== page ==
Opening statements started Tuesday in the trial for the man accused of killing a Brevard County deputy.
Prosecutors say Brandon Bradley, 24, shot and killed Brevard County Deputy Barbara Pill during a traffic stop in March of 2012.
After nearly a month of jury selection, a group of eight men and seven women will determine the fate of Bradley.
Prosecutors say Pill didn't have time to reach for her firearm before Bradley fired eight shots, five hitting Pill, including one to her head.
"Deputy Pill never even had a chance to reach for her firearm," said Assistant State Attorney Jim McMaster. "Her last act was to reach for the emergency transmission on her breast plate armor and activate that call for help, which only allowed the sounds of gun shots to be broadcast over the radio."
During opening statements Tuesday afternoon, McMaster told jurors they will see dash cam video of Bradley shooting Pill.
Prosecutors say Bradley had a plan to kill any officer who planned on putting him back in prison, but Public Defender Mike Pirolo claims his client was "out of it" and high on drugs before shooting and killing Pill.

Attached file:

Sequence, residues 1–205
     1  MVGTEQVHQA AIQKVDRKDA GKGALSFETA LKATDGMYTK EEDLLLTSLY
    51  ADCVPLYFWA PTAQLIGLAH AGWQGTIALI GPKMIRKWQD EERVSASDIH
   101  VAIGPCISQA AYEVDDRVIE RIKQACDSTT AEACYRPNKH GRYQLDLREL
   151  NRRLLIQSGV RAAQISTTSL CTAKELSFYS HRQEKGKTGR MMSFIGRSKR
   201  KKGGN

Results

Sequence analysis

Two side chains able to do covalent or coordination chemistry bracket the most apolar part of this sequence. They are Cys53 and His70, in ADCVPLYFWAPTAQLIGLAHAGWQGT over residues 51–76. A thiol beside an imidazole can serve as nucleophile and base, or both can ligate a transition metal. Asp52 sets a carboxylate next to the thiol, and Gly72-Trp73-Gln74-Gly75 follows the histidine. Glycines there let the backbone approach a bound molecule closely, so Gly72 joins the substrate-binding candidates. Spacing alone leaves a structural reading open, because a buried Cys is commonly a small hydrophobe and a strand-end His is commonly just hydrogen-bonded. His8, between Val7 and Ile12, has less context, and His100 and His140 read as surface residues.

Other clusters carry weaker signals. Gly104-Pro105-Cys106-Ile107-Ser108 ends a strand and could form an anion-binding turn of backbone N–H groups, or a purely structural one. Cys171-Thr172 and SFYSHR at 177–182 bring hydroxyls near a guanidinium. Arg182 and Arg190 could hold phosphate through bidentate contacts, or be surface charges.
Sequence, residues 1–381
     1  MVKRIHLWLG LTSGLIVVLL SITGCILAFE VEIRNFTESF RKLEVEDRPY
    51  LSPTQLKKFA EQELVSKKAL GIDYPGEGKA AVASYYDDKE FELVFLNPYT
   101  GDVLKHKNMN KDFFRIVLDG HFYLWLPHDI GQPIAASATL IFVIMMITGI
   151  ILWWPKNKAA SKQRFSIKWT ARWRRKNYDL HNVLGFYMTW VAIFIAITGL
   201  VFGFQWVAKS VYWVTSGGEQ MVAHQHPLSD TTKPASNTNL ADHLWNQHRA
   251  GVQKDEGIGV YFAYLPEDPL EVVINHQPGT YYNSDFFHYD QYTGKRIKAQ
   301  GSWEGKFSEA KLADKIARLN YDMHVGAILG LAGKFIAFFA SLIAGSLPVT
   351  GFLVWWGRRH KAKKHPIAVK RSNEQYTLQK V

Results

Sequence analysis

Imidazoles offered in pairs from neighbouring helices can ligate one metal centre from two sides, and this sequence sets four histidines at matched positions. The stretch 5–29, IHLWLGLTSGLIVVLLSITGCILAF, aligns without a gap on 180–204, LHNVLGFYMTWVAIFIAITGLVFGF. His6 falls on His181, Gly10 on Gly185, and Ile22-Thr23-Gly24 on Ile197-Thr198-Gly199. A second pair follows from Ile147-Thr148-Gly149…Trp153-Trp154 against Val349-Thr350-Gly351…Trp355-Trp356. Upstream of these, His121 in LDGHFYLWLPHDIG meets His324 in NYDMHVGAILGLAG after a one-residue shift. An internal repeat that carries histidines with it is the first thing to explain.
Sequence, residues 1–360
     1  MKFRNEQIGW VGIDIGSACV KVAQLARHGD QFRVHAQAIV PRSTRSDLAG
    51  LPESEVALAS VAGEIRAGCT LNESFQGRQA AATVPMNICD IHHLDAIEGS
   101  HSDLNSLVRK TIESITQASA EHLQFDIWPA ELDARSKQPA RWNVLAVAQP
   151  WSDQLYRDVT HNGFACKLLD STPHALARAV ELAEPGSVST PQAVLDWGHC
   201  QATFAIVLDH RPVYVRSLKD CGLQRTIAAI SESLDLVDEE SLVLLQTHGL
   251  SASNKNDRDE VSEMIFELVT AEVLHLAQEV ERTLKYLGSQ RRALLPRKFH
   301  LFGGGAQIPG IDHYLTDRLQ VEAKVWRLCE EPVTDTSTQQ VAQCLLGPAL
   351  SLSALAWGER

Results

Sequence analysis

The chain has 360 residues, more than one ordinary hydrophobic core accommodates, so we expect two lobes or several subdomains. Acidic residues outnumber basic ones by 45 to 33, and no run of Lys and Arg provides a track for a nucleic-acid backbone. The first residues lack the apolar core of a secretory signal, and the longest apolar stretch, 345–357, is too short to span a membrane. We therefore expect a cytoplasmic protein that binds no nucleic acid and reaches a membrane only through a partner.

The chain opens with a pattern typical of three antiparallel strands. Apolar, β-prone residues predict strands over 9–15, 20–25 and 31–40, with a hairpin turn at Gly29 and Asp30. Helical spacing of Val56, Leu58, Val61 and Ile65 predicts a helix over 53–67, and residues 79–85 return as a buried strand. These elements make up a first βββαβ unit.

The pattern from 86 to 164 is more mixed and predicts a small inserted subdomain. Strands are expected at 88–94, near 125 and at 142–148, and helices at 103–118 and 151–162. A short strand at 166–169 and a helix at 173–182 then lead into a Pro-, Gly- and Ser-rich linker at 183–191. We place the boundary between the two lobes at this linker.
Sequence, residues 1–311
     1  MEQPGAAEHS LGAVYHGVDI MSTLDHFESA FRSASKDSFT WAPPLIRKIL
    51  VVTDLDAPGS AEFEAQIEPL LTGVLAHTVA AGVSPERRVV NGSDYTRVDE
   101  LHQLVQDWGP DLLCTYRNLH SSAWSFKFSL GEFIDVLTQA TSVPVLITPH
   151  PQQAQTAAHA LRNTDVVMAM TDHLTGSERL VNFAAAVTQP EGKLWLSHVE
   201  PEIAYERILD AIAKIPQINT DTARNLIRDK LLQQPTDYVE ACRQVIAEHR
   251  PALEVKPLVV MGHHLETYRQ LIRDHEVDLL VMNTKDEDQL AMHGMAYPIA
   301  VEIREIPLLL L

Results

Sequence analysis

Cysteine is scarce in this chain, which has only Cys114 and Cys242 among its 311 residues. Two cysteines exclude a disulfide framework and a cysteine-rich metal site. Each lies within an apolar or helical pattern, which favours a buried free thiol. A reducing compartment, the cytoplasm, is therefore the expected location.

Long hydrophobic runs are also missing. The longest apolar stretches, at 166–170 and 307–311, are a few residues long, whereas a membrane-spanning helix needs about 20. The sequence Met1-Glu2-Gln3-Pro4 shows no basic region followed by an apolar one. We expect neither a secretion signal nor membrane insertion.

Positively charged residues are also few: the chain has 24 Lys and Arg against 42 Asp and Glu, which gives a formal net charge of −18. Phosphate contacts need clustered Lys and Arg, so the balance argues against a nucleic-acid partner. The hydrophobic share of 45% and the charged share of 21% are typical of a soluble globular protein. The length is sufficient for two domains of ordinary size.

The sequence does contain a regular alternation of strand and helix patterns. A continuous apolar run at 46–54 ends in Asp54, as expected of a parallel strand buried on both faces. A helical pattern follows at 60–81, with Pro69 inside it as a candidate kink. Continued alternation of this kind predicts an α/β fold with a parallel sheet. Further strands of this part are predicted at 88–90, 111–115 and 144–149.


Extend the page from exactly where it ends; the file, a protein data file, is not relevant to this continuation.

"This is not a case of a plan or intent to kill any officer and more specifically it's not a plan or intent to kill Deputy Barbara Pill," said Pirolo.
Before opening statements began Tuesday, Bradley's then-girlfriend and co-defendant in the case Andria Kerchner took the stand during a pre-trial hearing. Kerchner took a plea deal in January. She was sentenced to 12 years in prison and will now be a state witness in the trial. The two were face to face for the first time since their arrests.
Kerchner was called to the courtroom as part of a motion regarding her anticipated testimony. The defense argued that because of her excessive drug use, Kerchner isn't in a position to accurately testify, but the judge denied that motion.
An attorney asked Kerchner, "What, if anything, did he [Bradley] say about what he was going to do as part of whatever he had to do?"
"Anything. He would 'shoot these crackers' was his exact words," Kerchner answered.
Court is in recess until 8:30 a.m. Wednesday and the trial is expected to last up to five weeks.
If a jury convicts Bradley of first-degree murder he could face the death penalty.